The complex history of the Jewish faith offers mourners countless traditions to grieve the death of loved ones. In essence, the ultimate goal of these traditions is to honor and respect the memory of the deceased individual. However, the Jewish stages of mourning play a critical role in helping survivors process and overcome their grief.
Like the Jewish headstone unveiling ceremony, the Yizkor prayer service also inspires a highly therapeutic mourning process. Below, you’ll find information regarding the Yizkor prayer tradition and its pivotal role in Jewish mourning.
The Yizkor Prayer Service
The Yizkor prayer service is a way for families to honor their lost relatives and friends after passing away. Synonymous with Jewish burial traditions, there are many ways that families pay their respects to relatives immediately after their death. The Yizkor prayer service allows families to show lingering support and appreciation to relatives, long after their death.
The Yizkor prayer service is a public ceremony, often drawing participation from the entire synagogue. Essentially, it’s also a way for family members to show their respects.With the additional support of other participants, the family can honor their loved one, after burial. Lighting a Yahrzeit candle is another common aspect of a Yizkor prayer service.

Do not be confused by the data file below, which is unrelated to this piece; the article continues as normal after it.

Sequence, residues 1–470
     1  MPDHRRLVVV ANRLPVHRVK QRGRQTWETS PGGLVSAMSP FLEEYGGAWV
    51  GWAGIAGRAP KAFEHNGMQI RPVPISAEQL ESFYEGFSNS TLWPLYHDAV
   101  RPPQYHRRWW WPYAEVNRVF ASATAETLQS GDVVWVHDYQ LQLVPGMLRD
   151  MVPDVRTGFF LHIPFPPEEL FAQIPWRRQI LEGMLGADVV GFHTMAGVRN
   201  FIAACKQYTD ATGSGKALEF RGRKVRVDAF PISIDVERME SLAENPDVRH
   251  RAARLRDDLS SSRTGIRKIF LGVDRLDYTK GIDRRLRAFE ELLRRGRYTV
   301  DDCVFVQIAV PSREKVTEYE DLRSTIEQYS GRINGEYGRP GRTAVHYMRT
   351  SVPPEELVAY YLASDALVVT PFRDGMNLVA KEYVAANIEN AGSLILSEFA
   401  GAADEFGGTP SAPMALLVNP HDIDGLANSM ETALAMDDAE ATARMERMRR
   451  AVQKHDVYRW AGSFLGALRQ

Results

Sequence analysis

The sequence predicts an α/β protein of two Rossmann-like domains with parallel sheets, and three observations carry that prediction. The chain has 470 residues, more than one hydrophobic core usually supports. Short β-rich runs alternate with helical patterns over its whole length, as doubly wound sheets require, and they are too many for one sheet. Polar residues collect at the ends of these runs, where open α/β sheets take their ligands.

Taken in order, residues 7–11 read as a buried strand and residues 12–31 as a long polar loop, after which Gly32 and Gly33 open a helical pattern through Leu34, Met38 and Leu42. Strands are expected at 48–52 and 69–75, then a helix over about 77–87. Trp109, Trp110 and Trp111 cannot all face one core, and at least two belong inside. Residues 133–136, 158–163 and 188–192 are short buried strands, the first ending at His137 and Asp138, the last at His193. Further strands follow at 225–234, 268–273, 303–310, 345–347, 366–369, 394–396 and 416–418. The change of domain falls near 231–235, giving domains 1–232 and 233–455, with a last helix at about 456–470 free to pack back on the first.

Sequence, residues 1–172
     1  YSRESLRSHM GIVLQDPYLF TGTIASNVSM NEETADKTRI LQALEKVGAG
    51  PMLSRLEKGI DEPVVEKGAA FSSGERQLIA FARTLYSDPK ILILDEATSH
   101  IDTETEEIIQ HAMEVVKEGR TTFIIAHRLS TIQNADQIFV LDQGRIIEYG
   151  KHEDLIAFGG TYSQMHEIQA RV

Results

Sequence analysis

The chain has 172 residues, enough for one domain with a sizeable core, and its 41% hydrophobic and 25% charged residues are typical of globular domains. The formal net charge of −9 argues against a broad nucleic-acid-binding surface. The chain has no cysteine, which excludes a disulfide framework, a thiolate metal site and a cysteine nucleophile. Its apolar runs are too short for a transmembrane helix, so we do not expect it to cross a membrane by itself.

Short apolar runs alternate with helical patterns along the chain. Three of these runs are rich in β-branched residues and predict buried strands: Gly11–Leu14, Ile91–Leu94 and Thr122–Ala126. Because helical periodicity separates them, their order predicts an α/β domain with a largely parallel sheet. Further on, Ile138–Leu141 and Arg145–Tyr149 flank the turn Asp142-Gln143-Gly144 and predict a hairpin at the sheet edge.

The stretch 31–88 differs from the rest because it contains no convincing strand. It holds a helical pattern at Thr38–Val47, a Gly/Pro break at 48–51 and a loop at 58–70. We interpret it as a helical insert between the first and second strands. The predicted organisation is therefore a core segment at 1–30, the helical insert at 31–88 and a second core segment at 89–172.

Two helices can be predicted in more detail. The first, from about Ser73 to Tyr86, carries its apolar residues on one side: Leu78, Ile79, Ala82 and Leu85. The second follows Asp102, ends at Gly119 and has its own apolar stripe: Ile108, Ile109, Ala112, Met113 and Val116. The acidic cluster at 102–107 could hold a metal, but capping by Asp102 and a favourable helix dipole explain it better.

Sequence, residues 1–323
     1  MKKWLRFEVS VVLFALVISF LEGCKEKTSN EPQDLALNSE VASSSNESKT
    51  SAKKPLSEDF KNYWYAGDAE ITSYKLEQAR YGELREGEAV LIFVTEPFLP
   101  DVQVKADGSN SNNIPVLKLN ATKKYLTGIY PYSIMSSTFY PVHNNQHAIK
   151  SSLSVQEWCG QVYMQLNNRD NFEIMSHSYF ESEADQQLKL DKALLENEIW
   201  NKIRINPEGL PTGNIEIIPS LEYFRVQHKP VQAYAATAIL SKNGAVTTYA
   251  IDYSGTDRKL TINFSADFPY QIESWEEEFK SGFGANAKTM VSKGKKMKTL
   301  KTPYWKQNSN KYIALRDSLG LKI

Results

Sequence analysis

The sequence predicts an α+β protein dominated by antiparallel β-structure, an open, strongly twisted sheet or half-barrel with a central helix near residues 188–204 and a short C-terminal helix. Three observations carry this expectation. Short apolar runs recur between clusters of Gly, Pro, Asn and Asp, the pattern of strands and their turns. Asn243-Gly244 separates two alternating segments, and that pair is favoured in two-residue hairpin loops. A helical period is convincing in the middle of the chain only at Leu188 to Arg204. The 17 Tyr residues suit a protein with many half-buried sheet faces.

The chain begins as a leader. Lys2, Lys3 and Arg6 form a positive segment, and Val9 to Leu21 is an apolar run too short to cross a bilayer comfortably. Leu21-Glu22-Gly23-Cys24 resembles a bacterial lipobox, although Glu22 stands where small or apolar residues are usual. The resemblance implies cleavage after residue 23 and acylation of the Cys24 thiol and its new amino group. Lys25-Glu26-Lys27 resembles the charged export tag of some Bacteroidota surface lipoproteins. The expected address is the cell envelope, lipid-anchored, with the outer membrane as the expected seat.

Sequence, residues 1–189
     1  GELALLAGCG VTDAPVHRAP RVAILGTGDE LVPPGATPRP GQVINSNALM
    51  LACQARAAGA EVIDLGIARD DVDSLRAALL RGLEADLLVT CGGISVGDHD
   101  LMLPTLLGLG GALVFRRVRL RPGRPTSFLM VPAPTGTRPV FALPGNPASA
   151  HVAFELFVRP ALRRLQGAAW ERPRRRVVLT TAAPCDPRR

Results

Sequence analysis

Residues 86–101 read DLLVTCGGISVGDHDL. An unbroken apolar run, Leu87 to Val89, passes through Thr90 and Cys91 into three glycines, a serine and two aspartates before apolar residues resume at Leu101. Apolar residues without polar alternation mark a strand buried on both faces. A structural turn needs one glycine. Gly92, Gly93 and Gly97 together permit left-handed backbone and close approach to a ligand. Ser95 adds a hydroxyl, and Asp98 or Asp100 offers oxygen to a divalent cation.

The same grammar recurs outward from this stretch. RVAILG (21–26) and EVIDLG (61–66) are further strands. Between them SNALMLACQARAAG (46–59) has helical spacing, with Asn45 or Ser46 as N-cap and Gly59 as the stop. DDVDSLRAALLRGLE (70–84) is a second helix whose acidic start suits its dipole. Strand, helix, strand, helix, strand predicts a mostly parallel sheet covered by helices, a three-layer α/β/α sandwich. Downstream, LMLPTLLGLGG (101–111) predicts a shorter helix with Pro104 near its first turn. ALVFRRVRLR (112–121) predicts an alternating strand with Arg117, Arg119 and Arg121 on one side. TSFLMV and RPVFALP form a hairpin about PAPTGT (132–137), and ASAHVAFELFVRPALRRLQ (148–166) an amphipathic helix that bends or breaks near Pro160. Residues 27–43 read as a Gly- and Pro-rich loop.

Origins of the Yizkor Prayer Service
While not a direct translation, the word Yizkor roughly means “may God remember.” It stems from the root word zakhor, which means to remember.
Throughout its origins, the Yizkor prayer service was spoken only on Yom Kippur. As the day when Jews atone for sins, Yom Kippur was a perfect occasion to honor relatives.
Originally, the Yizkor prayer service was also an occasion on which to donate to those in need. For many members of the community, charity on the occasion of a Yizkor prayer service was an additional way to atone, while benefitting the welfare of those less fortunate. Additionally, another sentiment within this tradition was that positive deeds of the living would help the dead rest peacefully.
When Do People Say the Yizkor?
Though visiting the site of the Jewish headstone is one way to pay respects, the Yizkor prayer is another. Since the Yizkor prayer has become a prominent aspect of Jewish burial traditions, mourners now recite this prayer more frequently.
There are four times per year that synagogues recite the Yizkor:
- Yom Kippur: In keeping with the traditions of the Yizkor, Yom Kippur is one of the notable occasions of recitation.
- Shemini Atzeret: Taking place at the conclusion of the Sukkot Festival, the Shemini Atzeret offers another opportunity to pay respects to relatives.
- Eighth Day of Passover: During the final day of this holy week, Jews recite the Yizkor.
- Second Day of Shavuot: In addition to other festivities relating to the giving of the Torah, Jews recite the Yizkor on this day.
Who Can Say the Yizkor?
During the origins of the Yizkor prayer, it was generally limited to close family members. Because of this, there was a requirement for those with living parents to leave. Now, though, like with other readings, many synagogues do not view this practice negatively. In fact, most modern schools of thought reflect the idea that it’s better to have as many participants as possible.
Jewish Headstones & Memorial Services on Long Island
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